Bluetooth devices connect wirelessly to a computer. Except sometimes they don't. This document will help identify some bluetooth connectivity issues and some troubleshooting steps to resolve those issues.
Example Bluetooth Devices
Common bluetooth devices include mice and keyboards, speakers, microphones, headsets (which combine a microphone and speakers), and wireless presenters (clickers).
Not all bluetooth devices are created equal. More recent (higher number) versions of Bluetooth can handle more data, faster, longer distances, and with stronger connectivity.
Laptop computers typically have Bluetooth receivers (adapters) built inside them. Some have a button on or near the keyboard to turn on or off the Bluetooth manually. All of them which have Bluetooth will let you turn it on and off via software settings.
Desktop computers don't necessarily have built-in Bluetooth receivers, so an external USB receiver (adapter) needs to be plugged into one of its USB jacks. Some of these USB devices are plug and play, while others will require the correct, or updated device driver be installed before devices can connect to the computer.
When a bluetooth mouse stops connecting to a computer, it can appear that the mouse or trackpad has 'frozen,' or become unresponsive, and attempts to move the mouse pointer are unsuccessful.
When a bluetooth audio device stops connecting to a computer, it can appear as if the Mute function has been enabled, and some software will automatically select an alternative device (such as an internal mic or speakers) to use instead of the bluetooth device.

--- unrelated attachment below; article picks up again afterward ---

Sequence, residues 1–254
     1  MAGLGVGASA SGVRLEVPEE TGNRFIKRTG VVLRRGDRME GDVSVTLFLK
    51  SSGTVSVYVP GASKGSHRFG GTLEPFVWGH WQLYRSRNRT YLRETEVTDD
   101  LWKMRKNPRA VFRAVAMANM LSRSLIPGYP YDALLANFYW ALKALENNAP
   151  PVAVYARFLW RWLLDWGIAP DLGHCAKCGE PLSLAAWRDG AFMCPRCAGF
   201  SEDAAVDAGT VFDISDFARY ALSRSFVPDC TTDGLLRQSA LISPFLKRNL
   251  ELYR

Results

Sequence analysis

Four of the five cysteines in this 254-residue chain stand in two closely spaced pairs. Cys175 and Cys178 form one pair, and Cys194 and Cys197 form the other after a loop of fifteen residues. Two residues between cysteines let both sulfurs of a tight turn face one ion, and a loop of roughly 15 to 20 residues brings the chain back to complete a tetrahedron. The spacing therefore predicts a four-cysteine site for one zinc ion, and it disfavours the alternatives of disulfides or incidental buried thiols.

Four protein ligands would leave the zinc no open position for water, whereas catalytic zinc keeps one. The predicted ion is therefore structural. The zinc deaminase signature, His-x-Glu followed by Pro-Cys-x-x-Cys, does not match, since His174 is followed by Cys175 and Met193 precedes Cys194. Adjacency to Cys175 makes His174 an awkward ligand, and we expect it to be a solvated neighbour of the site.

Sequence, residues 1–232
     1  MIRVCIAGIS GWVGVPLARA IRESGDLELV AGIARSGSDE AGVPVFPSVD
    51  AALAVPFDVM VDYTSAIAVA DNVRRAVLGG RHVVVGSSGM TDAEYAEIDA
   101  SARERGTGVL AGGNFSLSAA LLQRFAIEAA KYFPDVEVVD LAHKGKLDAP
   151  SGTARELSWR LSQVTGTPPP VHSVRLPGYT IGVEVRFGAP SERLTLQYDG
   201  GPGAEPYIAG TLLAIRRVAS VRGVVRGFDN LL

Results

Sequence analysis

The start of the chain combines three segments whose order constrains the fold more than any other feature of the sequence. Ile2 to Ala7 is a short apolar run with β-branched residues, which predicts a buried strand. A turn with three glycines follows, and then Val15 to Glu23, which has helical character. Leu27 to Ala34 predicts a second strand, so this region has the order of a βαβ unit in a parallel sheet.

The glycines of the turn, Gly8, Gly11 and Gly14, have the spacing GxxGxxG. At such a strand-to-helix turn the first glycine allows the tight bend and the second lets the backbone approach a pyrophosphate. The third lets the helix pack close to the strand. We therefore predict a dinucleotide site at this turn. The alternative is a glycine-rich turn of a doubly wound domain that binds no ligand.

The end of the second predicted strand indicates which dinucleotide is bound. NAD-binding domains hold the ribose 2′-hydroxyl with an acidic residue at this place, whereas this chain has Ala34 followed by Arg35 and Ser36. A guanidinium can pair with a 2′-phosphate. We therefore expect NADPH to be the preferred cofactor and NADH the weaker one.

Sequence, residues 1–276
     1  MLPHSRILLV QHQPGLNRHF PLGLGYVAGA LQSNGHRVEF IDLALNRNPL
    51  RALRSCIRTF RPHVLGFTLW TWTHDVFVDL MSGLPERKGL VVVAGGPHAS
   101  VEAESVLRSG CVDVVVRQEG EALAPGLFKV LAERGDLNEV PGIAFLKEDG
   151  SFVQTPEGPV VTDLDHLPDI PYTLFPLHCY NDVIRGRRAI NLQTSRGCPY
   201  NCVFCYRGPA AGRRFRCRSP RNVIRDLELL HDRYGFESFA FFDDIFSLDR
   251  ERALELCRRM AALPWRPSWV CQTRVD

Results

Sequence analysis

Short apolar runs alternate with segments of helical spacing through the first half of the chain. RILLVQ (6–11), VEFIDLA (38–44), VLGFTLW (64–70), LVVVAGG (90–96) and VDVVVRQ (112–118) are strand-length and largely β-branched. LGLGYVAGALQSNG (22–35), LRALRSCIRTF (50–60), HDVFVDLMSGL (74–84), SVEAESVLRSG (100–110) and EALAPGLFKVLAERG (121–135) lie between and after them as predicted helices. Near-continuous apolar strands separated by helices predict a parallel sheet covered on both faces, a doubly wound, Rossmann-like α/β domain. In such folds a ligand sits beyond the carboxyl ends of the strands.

Some computers will notify you visually, with a pop-up message, that the connection is unstable, or has changed.
Some headsets will notify you that they are no longer functioning properly, by changing their status LED to a color that signifies disconnection, or by audibly speaking a message of connection or mute status.
Some clickers will notify you that they are no longer functioning properly, by changing their status LED to a color that signifies disconnection
Solutions to Bluetooth Issues
If devices won't pair with a computer using Bluetooth
Close other applications that might be using your bluetooth device.
Reboot your computer! If the computer hasn't been rebooted recently, this step solves many bluetooth issues.
Reboot the Bluetooth peripheral device. As you turn it on, enter pairing mode. Some devices require a specific sequence of button presses, or length of time to hold down the button, to enter pairing mode.
[Mac Users] Ensure that the application has been given correct permission to access peripherals. For instance, give Zoom.US access to your Camera, Microphone, Accessibility, Files and Folders, Screen Recording, to use the full feature-set of Zoom. Access these settings under System Settings...Security and Privacy.
If paired devices temporarily stop communicating
Some bluetooth audio devices, like microphones, speakers, or headsets will enter a Mute mode, when they temporarily lose connectivity between the peripheral device and the PC. Here are some troubleshooting measures to try:
- Position the device closer to the receiver (computer). Before it is a critical situation, test how far away from the computer your device will work before dropping the connection.
- Update the software (operating system, or applications that interface with audio peripherals, like Zoom, Skype, or Teams)
- Update the drivers
- [Mac Users] disable Handoff
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